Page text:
eco home

While oil is being drilled on far corners of the globe, we all have free solar energy falling on our properties. When my family moved into an ultra-energy efficient home in Belfast Cohousing & Ecovillage, a 36-unit community in coastal Maine on 42 shared acres, we started using this solar energy to heat our home and produce electricity.

All the homes in the community use 90 percent less energy to heat and cool than the average code-built home. Appliances, the sun, and occupants provide a majority of the heat needed to keep our home warm in our cold climate.

It’s fulfilling to know that we are harvesting the solar energy that falls on our property, both passively with large south-facing windows and actively with a solar system.  Even in our cold climate where most homes are heated for 7 or 8 months of the year, all our energy needs are met by a winning combination of an energy-efficient design and solar energy.

Solar Orientation

During sunny winter days, our heaters remain off, as the sun gradually warms the home. The electric baseboard heaters kick on as needed, primarily at night or on cold, cloudy days.

All the homes have a rectangular shape, with the long sides running east to  west. This enables the houses to capture as much solar energy as possible to significantly reduce the need for heaters, even in our cold Maine climate. The living rooms are lined with large windows, which also brings daylight into the home and reduces the need for supplemental light during the day.

An Energy Efficient PorterSIPs home
Image courtesy of PorterSIPs.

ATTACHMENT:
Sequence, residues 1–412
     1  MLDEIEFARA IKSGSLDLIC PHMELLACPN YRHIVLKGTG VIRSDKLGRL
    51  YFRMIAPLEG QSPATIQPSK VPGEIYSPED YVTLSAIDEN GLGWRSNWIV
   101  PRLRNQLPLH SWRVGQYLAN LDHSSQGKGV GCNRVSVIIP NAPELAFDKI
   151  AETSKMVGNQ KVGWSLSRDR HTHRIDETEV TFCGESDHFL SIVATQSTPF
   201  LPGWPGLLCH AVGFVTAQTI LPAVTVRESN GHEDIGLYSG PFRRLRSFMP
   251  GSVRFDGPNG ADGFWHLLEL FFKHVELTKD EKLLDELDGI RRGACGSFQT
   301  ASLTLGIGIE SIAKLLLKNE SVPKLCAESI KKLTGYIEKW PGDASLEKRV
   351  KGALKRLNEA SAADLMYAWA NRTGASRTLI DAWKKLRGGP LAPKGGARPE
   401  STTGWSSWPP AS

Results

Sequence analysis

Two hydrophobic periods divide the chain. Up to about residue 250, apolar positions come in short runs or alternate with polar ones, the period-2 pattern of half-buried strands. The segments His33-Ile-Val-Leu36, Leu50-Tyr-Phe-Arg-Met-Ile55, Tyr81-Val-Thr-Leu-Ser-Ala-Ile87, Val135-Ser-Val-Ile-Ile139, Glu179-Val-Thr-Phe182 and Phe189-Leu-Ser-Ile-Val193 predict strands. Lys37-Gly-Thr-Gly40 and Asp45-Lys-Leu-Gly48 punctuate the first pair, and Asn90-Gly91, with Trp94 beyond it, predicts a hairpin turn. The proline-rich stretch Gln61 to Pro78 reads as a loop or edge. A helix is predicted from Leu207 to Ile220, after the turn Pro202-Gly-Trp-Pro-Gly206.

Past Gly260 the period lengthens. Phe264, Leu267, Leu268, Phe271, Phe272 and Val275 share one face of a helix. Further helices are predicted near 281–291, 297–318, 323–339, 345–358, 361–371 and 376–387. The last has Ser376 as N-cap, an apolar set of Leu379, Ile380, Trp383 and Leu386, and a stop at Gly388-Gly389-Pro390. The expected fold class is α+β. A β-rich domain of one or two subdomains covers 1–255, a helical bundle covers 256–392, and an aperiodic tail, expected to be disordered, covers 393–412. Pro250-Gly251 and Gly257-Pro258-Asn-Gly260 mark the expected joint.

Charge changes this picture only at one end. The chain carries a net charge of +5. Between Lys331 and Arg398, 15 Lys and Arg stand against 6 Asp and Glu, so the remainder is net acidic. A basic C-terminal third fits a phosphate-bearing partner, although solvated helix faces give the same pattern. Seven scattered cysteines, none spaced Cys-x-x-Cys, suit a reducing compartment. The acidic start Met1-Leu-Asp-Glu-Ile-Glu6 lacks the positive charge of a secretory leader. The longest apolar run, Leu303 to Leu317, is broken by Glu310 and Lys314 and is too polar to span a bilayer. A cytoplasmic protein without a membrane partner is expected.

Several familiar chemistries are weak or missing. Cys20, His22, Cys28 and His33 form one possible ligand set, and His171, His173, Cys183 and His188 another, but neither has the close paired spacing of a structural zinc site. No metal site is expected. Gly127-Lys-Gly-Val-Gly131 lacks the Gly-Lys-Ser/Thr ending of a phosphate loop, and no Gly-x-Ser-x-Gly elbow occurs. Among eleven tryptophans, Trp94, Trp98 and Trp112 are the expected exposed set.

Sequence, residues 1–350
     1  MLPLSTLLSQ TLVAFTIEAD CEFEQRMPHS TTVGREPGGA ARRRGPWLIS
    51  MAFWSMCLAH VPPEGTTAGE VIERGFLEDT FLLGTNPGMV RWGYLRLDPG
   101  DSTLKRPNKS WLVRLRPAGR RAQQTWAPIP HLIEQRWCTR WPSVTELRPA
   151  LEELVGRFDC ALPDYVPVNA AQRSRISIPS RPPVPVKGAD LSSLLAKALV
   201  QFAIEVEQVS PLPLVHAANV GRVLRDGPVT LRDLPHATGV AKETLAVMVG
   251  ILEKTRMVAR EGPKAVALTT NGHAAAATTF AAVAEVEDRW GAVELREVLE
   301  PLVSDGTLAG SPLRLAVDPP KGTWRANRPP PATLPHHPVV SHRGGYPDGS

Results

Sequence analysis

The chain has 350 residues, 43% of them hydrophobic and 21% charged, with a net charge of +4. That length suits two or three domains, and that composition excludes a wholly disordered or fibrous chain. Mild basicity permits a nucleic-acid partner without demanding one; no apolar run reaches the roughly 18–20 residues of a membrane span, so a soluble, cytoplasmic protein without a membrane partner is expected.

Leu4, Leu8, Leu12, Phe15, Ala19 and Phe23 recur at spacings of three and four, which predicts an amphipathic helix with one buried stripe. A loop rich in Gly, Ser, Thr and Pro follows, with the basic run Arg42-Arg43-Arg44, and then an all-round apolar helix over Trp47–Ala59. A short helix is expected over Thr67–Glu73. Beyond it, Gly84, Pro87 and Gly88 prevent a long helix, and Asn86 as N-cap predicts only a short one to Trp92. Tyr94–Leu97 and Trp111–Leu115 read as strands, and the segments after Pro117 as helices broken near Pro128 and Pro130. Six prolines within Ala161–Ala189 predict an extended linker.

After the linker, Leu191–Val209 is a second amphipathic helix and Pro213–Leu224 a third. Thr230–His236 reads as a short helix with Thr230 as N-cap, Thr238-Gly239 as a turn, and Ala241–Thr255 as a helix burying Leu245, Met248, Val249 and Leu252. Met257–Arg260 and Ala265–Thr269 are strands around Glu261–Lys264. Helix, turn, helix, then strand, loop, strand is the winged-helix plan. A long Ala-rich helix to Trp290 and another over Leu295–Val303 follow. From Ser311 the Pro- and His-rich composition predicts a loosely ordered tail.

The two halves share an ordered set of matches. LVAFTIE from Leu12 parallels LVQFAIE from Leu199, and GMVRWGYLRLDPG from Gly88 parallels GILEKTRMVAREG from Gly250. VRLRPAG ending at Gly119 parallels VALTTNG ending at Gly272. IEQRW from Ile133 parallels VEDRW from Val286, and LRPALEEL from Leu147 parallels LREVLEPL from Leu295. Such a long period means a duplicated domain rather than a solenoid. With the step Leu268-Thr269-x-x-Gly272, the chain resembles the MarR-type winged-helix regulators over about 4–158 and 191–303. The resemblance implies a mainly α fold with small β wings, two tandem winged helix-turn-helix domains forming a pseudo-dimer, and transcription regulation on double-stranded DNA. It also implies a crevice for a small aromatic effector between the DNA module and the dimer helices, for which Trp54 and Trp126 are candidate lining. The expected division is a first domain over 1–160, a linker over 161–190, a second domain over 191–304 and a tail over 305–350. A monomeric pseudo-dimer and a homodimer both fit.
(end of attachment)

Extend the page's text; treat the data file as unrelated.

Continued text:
Lots of Insulation

Belfast Ecovillage homes have structural insulated panels (SIPs) along all exterior walls. They consist of insulating foam which is sandwiched between oriented strand board. This allows for continuous insulation, eliminating gaps where heat can escape in the winter.  Starting with the foundation, the entire exterior of the home is insulated either with foam or blown-in cellulose.

Thermal Mass

To help maintain the warm temperatures, thermal mass helps retain the heat. Objects with high thermal mass slowly absorb and retain heat. The thermal mass of the cement slab in our homes regulates the temperatures, releasing heat when the air above it is cooler than the slab, and storing heat when the slab is colder than the air around it.

Airtight Construction

Our homes are virtually airtight. All the seams in the house are sealed to prevent air from entering the home. Although this boosts the efficiency of the house, it would create air quality issues if there wasn’t mechanical ventilation.

To ensure high indoor air quality and comfort, our home has a Zehnder heat recovery ventilation system. Because the home is airtight, mechanical ventilation is essential for fumes, odors, and moisture to exit the building. A constant stream of fresh incoming air is filtered and preheated — recycling up to 90% of the heat from the exhaust air.

Household Energy Uses

Before installing a photovoltaic solar system, we examined how we could further reduce our energy use. We replaced halogen and incandescent light bulbs with LED bulbs, installed a low-flow shower head to lower our hot water use, put our hot water heater on a timer to reduce standby loss, and removed the screens from the south-facing windows during the winter for increased passive solar gain.

Have you employed an of these in your home?  Have other solutions you utilize?  Share your experiences in the comments section below. 

Feature image courtesy of Jeremy Levine

By Sarah Lozanova

Sarah Lozanova is an environmental journalist and copywriter and has worked as a consultant to help large corporations become more sustainable. She is the author of Humane Home: Easy Steps for Sustainable & Green Living, and her renewable energy experience includes residential and commercial solar energy installations. She teaches green business classes to graduate students at Unity College and holds an MBA in sustainable management from the Presidio Graduate School.